Mediation and Limited Scope Representation Solutions
What is mediation? Why choose it?
Mediation is a voluntary and effective
means of resolving disputes wherein the parties themselves
choose the outcome in a cooperative, non-adversarial way.
It takes the case out of litigation. The mediator acts
as a neutral facilitator to the decision-making process; she
is there to help the parties identify the issues in their
case, determine and gather needed information, inform the
parties of applicable law, and their rights and
responsibilities. She may also offer approaches or
considerations, but does not impose a decision on the
parties. The parties are free to have outside
consulting attorneys, but many choose not to.
Mediation is typically radically less
expensive than litigation. It usually enables the parties
to much more rapidly conclude their case, and in a way they
choose to, bringing to their result matters which might not
have been important to, or even considered by a Judge or
litigation counsel. In this way, mediation can be a
creative and empowering experience, which the parties can
draw on in the future if the need for modification arises
(typically in the contexts of the parenting plan and
support). There is no Court timetable, and no unnecessary
waiting. Most uncertainty is removed from the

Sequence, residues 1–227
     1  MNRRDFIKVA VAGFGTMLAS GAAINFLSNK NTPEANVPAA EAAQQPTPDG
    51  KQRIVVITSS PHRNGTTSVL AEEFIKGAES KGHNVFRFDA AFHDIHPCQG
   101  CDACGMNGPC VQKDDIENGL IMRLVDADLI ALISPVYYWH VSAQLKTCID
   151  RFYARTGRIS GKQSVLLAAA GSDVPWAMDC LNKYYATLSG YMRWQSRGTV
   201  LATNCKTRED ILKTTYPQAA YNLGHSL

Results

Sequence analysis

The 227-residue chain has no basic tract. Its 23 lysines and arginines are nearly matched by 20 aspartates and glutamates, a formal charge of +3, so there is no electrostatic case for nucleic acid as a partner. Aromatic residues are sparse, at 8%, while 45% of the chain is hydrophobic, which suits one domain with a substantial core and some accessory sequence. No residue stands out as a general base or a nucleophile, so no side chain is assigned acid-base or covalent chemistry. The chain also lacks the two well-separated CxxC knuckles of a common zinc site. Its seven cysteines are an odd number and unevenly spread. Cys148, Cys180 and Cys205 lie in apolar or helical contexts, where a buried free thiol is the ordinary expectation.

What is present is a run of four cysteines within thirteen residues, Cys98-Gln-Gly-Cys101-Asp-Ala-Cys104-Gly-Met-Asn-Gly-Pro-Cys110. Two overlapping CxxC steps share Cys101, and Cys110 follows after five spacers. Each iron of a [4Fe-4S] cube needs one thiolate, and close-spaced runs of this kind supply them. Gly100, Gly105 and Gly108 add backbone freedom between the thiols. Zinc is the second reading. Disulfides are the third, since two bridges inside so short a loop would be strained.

decision-making process, as the parties, not a third person,
are in control of the outcome. All of these things tend to
reduce the stress associated with divorce, for the parties
and their families.
Are we good candidates for
If, despite the difficult circumstances
and decisions you face, you nonetheless enjoy a good level
of trust, there is mutual respect, and both of you have
reasonable communication skills, you will probably do well
in mediation. Sometimes one party is more forceful than
another; in this case, one of the mediator’s roles is to
address this imbalance, and make sure that the other party’s
needs and concerns are heard.
Who does the paperwork?
Typically, Ms. Harrington prepares all
the paperwork, from filing the case through
Will we need to go to Court at all?
No. When a Marital Settlement
Agreement addressing all the issues in your case has been
finalized, it can be incorporated into a Judgment of
Dissolution, and approved by the Court all on the
paperwork. Neither the parties, nor the mediator, need to
appear in Court.
What is the first step?
Ms. Harrington invites each party
individually to have a brief telephone conversation with her
to discuss mediation generally, without getting into the
substantive issues in their case, and so they can get a
sense of her. If the parties then wish to set an initial
meeting, they should identify a few mutually available
times, and contact Ms. Harrington.